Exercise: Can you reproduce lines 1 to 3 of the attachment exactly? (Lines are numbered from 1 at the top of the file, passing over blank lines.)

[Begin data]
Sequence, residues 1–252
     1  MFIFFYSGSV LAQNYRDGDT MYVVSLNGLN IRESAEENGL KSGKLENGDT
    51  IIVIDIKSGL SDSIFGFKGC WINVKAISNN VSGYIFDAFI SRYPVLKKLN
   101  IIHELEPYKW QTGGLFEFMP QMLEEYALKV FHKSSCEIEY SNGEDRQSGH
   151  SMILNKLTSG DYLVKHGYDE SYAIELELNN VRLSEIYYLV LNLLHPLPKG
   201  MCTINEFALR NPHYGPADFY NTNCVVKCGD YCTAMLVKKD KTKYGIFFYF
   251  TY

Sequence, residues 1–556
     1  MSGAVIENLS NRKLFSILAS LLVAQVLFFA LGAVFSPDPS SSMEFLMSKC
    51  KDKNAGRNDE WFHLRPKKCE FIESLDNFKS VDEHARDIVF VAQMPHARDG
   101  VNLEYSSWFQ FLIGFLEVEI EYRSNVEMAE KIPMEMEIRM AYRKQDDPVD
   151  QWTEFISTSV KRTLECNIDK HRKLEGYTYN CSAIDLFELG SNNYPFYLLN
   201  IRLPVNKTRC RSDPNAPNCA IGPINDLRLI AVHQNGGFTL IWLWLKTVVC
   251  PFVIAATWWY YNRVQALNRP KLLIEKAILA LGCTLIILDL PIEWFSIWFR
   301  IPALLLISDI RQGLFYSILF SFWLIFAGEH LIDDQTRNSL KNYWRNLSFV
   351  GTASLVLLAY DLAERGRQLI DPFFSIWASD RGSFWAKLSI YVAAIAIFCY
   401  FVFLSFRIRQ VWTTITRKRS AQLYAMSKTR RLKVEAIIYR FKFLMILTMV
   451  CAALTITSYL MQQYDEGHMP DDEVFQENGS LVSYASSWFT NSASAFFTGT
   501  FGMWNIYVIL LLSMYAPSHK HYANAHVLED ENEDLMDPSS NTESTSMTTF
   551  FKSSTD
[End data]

Sequence, residues 1–252
     1  MFIFFYSGSV LAQNYRDGDT MYVVSLNGLN IRESAEENGL KSGKLENGDT
    51  IIVIDIKSGL SDSIFGFKGC WINVKAISNN VSGYIFDAFI SRYPVLKKLN